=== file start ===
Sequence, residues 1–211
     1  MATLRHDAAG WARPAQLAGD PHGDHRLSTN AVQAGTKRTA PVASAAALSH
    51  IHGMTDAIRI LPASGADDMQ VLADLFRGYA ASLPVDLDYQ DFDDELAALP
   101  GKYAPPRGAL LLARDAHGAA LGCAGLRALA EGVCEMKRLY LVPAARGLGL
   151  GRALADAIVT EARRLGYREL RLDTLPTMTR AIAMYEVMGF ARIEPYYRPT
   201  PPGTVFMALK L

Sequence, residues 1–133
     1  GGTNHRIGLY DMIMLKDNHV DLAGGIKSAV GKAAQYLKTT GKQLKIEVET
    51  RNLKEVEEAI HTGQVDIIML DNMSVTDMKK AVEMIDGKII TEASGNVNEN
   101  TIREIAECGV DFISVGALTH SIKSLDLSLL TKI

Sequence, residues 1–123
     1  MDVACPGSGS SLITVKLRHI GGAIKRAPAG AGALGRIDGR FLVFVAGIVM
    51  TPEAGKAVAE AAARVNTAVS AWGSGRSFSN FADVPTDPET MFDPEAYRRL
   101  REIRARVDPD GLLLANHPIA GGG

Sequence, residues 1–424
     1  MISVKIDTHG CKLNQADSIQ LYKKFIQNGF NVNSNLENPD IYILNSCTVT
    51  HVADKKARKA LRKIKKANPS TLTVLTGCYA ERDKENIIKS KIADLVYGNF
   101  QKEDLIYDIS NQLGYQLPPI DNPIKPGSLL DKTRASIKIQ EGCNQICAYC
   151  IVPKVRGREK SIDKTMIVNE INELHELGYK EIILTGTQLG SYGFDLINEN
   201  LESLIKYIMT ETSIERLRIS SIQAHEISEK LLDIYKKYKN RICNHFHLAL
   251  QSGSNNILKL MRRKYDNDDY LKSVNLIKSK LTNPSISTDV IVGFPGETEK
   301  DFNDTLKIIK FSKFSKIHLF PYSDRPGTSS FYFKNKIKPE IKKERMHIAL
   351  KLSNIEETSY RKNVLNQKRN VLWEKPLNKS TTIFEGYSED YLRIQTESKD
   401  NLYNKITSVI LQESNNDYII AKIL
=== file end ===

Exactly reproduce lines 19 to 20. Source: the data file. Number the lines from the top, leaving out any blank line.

   151  IVPKVRGREK SIDKTMIVNE INELHELGYK EIILTGTQLG SYGFDLINEN
   201  LESLIKYIMT ETSIERLRIS SIQAHEISEK LLDIYKKYKN RICNHFHLAL